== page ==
Michael, I was an avid consumer and student of the flickr photos, the tweets and the YouTube posts around the protests related to Oscar Grant’s murder. But I do not believe that most mainstream people know how to avail themselves of all of those resources, particularly twitter and flickr, so my piece focused on blogs and news outlets. I did not mean to imply that these other formats were lacking, but express surprise and disappointment that there are not more blogs in Oakland that consistently focus on news and neighborhood events and issues.
    However, I disagree that people who blog need to fulfill the roles of journalists to offer value; some of the most insightful information–as opposed to straight, factual reportage–that I have read comes from people who are in the middle of an event and have feelings and observations to share. Why deny the authenticity to writers you offer to photogs–unless you think only professional photos have value.
    Inadvertent gardener, you took great photos, as did Lane, and they communicated much. And if you think Oakland media deserves an A for what they have done, I am happy for you–but I think there is great untapped insight, energy and experience that could be released if there were more people who chose to blog and use publishing platforms as communication tools.

  11. Susan Mernit says:

    Cam, my experience is that blogging provides so much rich, additional information and perspectives that I notice that Oakland is not as rich in blogs as I wished it was, and that this particular incident was not better covered by citizen journalists than it was in the mainstream press. If the mainstream press is the definitive source for you, then we truly have different expectations.
    My “breathtaking confidence” is actually just 2 months of collecting data and links for as many Oakland and East Bay local blogs as possible in my newsreader and via Google blog search and then going back and checking the list as I became aware of what had happened with Oscar Grant. There’s another newly refreshed list at http://placeblogger.com/blog/oakland and as you can see, it too is fairly limited.

  12. Justine Greer says:

    If you’ve been spending two months collecting data and links for Oakland blogs and have been actively looking for coverage on Grant and this is what you’ve come up with, then you aren’t very good at your job. There are a huge number of posts by locals bloggers that you overlooked. Ironically, you would have known about all of them if you had read the posting on A Better Oakland, a blog you ignorantly insult – where the blogger did an incredible job of compiling the work of local writers fo everyone to see. Its amazing to me that you would give the best and most devoted blogger in Oakland a “D” when she actually went out of her way to COME BACK DURING VACATION to post about it and in doing so, completed a task that you couldn’t handle. Its crazy you would damn a blog about a grocery store for not covering riots in a totally different neighborhood! And why do you talk about East Bay Outtakes as if its a separate blog when its really just a facet of MediaNews that you already wrote about? And it’s insane that you completely ignored Living in the O’s excellent citizen activism. I give Susan Mernit an F for her lazy and irresponsible critique of Oakland blogs.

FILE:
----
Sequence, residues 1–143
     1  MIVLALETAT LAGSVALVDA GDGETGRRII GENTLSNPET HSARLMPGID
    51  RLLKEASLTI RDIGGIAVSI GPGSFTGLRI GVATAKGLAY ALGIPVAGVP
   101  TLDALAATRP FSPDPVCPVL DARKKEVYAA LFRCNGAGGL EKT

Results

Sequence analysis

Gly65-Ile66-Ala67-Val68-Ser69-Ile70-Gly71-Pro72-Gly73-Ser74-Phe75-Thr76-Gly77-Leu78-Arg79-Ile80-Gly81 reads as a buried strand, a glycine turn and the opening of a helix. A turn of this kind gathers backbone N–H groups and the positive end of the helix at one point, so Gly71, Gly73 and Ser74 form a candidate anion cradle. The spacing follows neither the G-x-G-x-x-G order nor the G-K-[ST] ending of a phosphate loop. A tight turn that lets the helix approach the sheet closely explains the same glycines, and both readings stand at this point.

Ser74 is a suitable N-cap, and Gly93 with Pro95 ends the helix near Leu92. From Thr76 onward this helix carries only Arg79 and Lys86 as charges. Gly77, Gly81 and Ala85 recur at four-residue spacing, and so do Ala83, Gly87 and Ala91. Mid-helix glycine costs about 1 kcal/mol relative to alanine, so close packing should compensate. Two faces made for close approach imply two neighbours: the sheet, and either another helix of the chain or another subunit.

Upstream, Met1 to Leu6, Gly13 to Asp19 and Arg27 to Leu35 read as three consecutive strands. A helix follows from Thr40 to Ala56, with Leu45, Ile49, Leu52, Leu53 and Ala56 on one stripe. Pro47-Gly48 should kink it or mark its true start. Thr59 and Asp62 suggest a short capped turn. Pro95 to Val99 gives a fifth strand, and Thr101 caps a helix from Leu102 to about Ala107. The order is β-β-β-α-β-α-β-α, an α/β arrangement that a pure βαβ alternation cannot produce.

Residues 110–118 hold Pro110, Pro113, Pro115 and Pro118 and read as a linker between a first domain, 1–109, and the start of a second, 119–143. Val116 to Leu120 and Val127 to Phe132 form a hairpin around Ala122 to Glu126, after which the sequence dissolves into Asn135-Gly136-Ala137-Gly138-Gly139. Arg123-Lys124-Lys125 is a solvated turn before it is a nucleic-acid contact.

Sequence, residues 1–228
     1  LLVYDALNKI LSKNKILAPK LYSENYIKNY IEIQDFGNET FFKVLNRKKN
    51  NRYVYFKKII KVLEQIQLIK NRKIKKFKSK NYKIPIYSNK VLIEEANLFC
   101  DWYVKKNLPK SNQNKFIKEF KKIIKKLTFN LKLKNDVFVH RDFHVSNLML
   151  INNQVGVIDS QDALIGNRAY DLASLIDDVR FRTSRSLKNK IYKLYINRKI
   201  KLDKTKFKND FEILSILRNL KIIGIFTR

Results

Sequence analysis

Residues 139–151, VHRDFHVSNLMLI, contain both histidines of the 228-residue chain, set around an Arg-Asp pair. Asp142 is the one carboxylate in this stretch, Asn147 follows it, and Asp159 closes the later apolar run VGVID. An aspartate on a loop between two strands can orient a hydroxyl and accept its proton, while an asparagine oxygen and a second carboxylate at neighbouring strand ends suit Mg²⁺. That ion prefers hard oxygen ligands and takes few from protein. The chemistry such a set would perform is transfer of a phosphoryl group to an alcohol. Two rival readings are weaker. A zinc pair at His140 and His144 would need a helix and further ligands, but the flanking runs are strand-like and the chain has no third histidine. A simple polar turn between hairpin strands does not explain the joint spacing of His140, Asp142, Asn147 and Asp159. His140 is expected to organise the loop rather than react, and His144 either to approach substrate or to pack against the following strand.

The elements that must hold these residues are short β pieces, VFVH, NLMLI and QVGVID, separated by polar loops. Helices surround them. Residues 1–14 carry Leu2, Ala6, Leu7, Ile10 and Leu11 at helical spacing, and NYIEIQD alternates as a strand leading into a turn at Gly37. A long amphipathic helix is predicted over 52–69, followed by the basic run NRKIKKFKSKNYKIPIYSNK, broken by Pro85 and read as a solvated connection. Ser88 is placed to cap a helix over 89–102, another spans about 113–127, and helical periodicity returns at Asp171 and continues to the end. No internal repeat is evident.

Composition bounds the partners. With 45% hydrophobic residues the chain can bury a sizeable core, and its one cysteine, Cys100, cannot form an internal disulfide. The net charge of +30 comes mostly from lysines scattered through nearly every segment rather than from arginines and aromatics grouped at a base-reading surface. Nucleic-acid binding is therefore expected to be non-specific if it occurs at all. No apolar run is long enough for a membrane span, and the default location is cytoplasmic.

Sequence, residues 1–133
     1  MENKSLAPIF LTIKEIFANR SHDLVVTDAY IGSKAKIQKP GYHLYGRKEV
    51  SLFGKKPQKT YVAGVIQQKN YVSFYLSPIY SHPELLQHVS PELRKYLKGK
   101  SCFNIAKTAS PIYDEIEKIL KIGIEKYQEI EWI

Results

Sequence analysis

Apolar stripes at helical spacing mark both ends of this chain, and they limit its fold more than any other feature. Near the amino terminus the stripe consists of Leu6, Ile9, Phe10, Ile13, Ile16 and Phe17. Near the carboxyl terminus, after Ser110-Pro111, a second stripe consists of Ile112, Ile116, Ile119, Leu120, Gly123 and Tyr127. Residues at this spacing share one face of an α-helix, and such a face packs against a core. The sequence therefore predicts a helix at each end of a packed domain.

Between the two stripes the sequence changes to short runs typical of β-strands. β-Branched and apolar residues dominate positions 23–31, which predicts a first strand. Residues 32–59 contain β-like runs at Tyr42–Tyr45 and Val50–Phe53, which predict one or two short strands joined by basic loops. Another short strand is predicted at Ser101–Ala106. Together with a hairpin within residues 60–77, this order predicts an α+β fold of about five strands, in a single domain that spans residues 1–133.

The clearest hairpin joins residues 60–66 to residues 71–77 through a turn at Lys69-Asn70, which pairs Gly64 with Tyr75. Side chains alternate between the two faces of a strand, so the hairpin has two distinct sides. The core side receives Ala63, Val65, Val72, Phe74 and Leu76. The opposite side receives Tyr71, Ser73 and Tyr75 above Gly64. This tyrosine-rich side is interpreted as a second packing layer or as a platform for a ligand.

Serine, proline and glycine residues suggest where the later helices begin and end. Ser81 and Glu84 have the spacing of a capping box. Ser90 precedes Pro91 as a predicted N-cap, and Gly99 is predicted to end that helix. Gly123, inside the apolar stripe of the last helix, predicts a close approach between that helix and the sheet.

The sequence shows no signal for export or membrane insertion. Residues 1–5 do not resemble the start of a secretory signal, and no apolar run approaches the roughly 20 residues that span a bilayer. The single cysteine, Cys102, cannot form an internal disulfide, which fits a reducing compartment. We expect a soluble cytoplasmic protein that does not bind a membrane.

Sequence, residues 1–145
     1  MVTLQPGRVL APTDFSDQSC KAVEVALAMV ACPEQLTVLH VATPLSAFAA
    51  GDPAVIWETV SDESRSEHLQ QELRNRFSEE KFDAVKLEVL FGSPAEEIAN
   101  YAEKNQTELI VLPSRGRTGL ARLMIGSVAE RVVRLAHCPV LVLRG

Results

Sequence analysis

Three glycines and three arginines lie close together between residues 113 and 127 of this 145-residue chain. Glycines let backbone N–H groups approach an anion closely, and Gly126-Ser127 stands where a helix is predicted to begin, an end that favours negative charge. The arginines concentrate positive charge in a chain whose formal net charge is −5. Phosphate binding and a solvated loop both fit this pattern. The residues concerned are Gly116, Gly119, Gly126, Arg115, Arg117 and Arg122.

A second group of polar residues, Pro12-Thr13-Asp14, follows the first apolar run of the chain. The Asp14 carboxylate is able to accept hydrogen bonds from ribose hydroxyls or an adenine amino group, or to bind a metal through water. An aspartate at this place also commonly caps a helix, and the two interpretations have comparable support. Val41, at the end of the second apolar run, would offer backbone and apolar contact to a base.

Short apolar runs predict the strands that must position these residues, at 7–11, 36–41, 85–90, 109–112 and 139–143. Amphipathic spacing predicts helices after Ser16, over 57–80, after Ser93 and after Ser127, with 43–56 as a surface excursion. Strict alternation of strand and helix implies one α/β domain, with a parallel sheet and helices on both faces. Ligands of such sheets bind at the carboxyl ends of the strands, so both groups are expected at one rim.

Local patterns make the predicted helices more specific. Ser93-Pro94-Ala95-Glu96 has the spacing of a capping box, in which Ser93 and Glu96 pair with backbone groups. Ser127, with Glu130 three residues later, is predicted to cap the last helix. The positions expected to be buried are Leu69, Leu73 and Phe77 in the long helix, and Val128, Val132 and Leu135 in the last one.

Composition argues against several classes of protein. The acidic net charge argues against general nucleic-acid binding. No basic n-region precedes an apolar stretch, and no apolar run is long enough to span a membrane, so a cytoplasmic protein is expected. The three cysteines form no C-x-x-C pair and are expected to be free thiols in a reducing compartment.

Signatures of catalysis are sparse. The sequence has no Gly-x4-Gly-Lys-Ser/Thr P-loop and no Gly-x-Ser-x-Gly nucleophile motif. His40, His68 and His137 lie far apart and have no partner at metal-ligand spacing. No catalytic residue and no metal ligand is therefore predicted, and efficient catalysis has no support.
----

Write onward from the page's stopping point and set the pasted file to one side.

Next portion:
13. Mike Spencer says:

    Hi Susan,
    Your broadsides are a little off base. Your standard seems to be that if a blogger cannot commit CNN-like detailed, on-the-street coverage than the outlet sucks. Your criticism is more relevant for the Oakland Tribune, which is supposed to be the daily paper of record. Expecting breathy on the scene coverage from a handful of mom-and-pop or lone wolf bloggers is not realistic. (Wait, let me give the kid his bottle then grab my camera and head on down to the riot….) The local blogs don’t pretend to be your go to source for spot news.
    I take something different from each blog. Abetteroakland is an incredible forum and clearhinghouse for opinions, with some great news. Oakbook is eclectic and does not pretend to be about breaking news.
    I just read the New York Times article and it was very surface. An analogy would be like you expecting great arts coverage from ESPN. Go back to the drawing board.

  14. Melissa Gira Grant says:

    The two best sources of information on what what down during the protests and riots in Oakland, that I cam across, are totally old-school blogging: personal, urgent, written in the heat of the moment. I read the CNN and Chronicle coverage, too, but these are the stories that had that texture to them it seems Susan is asking for more of:
    I found out about these bloggers’ stories over Twitter, Tumblr, and LiveJournal.
    As to the discussion of legitimacy, professionalism, and reach of citizen media, I don’t have much to offer. What did strike me in your initial critique of the Oakland citizen media landscape — as far as you have researched — is the role of institutional racism and classism in perpetuating a digital divide, even (and especially) in new media. We’re asking, “Where are the blogs about X?” but we’re really also asking, “Where are the X bloggers?” Let’s assume they’re out there, and their voices just aren’t as loud as what most people take for “loud” in the blogosphere. Let’s assume the desire to tell stories is there. That much discussion took place in comments on Flickr and YouTube, and not in dedicated blog posts, says something about how reporting has to change: it’s as much about what happens after we publish as the publishing.